This Christian Seder Guide is designed to walk you through the whole process of preparing for, hosting and leading a Christian Seder. Feel free to download it to use or just to read. I hope you find it encouraging.
Passover is the oldest Jewish religious festival, commemorating God’s deliverance of the Hebrews from slavery in Egypt, described in Exodus 12. The Passover Seder is a ceremonial meal designed to guide people through a communal meditation on God’s work of redemption for His people.
Many Christians have adapted this tradition into an insightful meditation on the New Covenant inaugurated by Jesus at the Last Supper. Unable to find a Christian Seder guide that fit our church’s needs, I cobbled one together myself last year using several sources. Our community group used it and it was a really cool way to enter into the drama of Passion Week in preparation for Easter. So it’s back this year, with a few edits and the addition of discussion questions at the end. I’m looking forward to the experience again this Thursday!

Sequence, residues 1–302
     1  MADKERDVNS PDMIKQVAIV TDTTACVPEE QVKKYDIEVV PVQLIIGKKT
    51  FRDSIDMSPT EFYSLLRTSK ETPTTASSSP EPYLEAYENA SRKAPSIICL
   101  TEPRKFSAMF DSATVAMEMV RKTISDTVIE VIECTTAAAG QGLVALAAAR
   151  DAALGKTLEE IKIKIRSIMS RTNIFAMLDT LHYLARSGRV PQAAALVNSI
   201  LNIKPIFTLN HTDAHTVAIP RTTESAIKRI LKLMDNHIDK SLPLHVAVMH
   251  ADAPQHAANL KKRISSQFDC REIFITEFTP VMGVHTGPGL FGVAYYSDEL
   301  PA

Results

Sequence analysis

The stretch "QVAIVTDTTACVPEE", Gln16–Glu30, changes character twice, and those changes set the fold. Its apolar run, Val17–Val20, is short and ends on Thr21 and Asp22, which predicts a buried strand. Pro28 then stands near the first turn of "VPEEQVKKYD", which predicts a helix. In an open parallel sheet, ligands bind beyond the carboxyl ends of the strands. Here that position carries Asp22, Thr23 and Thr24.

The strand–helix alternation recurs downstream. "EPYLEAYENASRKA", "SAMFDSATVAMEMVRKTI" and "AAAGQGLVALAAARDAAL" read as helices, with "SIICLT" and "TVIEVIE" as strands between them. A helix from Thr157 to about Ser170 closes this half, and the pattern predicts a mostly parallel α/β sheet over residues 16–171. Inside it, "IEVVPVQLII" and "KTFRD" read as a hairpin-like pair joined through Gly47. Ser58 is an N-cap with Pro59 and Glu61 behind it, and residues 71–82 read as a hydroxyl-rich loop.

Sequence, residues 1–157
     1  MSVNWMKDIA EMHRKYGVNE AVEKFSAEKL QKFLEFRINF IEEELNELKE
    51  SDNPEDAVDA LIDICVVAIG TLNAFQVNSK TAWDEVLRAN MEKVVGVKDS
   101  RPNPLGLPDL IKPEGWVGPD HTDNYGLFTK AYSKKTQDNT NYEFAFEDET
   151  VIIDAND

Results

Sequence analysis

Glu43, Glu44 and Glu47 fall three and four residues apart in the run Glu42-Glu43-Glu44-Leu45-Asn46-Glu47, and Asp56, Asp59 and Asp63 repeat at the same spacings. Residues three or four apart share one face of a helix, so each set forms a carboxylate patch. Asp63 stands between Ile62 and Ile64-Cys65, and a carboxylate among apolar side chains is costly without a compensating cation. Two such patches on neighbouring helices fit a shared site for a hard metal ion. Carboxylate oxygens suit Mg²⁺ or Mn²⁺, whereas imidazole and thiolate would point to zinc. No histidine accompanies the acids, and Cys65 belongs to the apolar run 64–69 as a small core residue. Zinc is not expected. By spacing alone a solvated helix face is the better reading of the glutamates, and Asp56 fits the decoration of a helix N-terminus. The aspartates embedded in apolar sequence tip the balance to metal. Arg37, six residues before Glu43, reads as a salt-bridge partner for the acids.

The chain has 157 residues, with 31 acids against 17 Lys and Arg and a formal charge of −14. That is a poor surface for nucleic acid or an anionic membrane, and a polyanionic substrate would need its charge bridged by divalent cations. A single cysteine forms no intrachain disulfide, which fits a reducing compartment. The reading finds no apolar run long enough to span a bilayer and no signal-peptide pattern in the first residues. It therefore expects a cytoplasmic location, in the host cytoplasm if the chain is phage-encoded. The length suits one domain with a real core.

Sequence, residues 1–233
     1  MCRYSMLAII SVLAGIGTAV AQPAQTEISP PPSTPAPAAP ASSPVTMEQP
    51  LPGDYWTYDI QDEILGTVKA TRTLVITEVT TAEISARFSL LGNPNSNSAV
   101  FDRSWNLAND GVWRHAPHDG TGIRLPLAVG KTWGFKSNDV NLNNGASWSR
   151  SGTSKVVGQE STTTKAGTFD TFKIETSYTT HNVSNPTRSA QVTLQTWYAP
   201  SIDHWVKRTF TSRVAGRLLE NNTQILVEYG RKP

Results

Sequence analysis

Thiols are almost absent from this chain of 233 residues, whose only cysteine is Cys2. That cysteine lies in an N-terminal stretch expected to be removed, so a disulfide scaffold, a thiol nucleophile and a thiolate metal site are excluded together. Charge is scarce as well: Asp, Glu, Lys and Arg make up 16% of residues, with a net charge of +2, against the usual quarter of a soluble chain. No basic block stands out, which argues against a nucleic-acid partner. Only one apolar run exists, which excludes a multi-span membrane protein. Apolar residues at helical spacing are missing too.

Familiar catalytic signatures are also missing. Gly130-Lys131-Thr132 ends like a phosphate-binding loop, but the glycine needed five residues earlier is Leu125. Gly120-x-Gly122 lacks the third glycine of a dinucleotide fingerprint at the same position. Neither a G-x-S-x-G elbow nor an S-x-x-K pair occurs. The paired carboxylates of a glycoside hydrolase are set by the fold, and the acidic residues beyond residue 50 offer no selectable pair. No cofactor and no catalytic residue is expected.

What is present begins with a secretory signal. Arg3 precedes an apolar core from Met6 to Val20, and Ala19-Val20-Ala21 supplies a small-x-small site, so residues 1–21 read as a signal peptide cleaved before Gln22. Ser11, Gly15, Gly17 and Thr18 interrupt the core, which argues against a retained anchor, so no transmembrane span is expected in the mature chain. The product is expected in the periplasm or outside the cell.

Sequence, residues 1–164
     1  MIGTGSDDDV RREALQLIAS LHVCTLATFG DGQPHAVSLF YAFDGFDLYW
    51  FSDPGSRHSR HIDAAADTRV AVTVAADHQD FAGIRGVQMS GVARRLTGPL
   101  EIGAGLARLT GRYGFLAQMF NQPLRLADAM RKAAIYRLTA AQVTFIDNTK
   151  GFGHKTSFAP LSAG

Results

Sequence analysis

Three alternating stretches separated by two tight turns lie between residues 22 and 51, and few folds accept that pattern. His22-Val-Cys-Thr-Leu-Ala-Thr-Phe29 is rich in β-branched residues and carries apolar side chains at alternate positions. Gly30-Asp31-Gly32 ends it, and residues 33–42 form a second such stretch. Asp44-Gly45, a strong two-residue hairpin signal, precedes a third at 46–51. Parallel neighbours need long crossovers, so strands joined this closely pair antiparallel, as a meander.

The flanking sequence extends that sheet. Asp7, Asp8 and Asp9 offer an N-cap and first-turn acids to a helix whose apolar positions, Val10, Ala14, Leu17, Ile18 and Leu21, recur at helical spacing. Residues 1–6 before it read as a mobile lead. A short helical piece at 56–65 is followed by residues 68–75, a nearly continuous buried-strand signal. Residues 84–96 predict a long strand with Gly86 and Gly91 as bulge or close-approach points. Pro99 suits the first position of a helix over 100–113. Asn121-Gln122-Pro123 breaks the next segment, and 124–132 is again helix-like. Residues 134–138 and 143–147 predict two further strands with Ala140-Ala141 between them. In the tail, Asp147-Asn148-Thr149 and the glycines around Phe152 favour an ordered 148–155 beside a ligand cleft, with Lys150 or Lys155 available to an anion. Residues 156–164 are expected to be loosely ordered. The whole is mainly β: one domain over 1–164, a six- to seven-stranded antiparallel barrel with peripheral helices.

The thing that keeps me on my knees is the difference between Grace and Karma. You see, at the center of all religions is the idea of Karma. You know, what you put out comes back to you: an eye for an eye, a tooth for a tooth. Or in physics—in physical laws—every action is met by an equal or an opposite one. It’s clear to me that Karma is at the very heart of the universe. I’m absolutely sure of it. And yet, along comes this idea called Grace to upend all that “as you reap, so you will sow” stuff. Grace defies reason and logic. Love interrupts, if you like, the consequences of your actions. Which in my case is very good news indeed, because I’ve done a lot of stupid stuff. I’d be in big trouble if Karma was going to finally be my judge. I’d be in deep shit. It doesn’t excuse my mistakes, but I’m holding out for Grace. I’m holding out that Jesus took my sins onto the Cross, because I know who I am, and I hope I don’t have to depend on my own religiosity. I love the idea of the Sacrificial Lamb. I love the idea that God says: Look, you cretins, there are certain results to the way we are, to selfishness—and there’s mortality as part of your very sinful nature. And, let’s face it, you’re not living a very good life, are you? There are consequences to actions. The point of the death of Christ is that Christ took on the sins of the world, so that what we put out did not come back to us, so that our sinful nature does not reap the obvious death. That’s the point. It should keep us humble. It’s not our own good works that get us through the gates of heaven.